MortgagesMar 15 2023

New mortgage business down 25% after 'mini' Budget

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New mortgage business down 25% after 'mini' Budget
[Pexels/Lina Kivaka]
ByRuby Hinchliffe

The value of new mortgages written in the three months following the "mini" Budget was down 25 per cent, marking the toughest quarter in over seven years - excluding the pandemic.

Mortgage commitments fell to £58.4bn between October and December 2022, compared with the £77.3bn committed at the end of 2021.

If the pandemic is factored out, the last quarter was the lowest quarter for new mortgage business across the UK since the beginning of 2015, according to data published by the Financial Conduct Authority yesterday (March 14).

The period immediately followed the "mini" Budget, which was announced seven days prior.

The September Budget saw former chancellor Kwasi Kwarteng announce a series of unfunded tax cuts which sent swap rates, an indicator for mortgage rates, soaring.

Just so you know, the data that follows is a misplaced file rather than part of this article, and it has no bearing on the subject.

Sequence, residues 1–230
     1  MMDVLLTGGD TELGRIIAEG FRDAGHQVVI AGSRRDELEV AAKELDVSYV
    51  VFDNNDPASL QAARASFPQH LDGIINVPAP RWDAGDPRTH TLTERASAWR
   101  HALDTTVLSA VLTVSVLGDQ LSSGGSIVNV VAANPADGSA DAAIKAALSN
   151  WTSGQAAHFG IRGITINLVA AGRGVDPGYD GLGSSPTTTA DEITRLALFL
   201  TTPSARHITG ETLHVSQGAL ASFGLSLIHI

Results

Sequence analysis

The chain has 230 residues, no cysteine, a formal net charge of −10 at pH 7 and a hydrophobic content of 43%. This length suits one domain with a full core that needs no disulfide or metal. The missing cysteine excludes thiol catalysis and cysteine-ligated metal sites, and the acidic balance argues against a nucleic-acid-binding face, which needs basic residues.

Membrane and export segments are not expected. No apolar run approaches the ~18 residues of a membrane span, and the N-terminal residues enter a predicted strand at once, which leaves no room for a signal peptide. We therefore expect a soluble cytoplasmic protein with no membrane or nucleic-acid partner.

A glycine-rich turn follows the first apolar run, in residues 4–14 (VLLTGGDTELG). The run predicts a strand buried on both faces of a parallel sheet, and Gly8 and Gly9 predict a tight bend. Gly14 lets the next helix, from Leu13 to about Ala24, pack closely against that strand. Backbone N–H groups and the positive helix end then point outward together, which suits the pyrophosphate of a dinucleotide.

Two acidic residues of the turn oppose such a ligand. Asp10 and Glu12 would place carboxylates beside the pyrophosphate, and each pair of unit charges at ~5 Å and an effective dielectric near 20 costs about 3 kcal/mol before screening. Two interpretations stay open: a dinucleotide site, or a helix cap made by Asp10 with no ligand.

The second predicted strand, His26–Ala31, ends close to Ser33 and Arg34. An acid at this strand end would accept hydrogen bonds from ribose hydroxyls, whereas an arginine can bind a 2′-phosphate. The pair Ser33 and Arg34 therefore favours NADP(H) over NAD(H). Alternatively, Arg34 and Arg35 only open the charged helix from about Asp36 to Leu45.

Lenders pulled out from the market en masse as they struggled to price their mortgages in the wake of economic uncertainty as the pound crashed and pension funds were thrown into turmoil.

Back in December, managing director of mortgage brokerage Coreco, Andrew Montlake, said the third and fourth quarters of 2022 "may as well be in different dimensions", accusing the "mini" Budget of "torpedoing demand".

This drop in mortgage demand was largely down to them becoming more expensive. Average rates peaked at around 6.5 per cent during the quarter, with rates on equity release products reaching 8 and 9 per cent.

Following the "mini" Budget, the Mortgage Advice Bureau announced an expected reduction in broker numbers, along with LSL's subsidiary Embrace

Before Christmas, Leeds-based equity release advice firm Age Partnership also had to cut nearly 10 per cent of its staff citing the Kwarteng's "mini" Budget as the sole cause.

Last month, lenders introduced a flurry of headline rates which brokers said was them trying to stimulate the mortgage market again. 

Property transaction volumes got off to their slowest start in over a decade this year, falling 27 per cent since the end of 2022.

More recently, however, these rates have been withdrawn. Brokers have more recently predicted that mortgage rates are unlikely to settle until next year.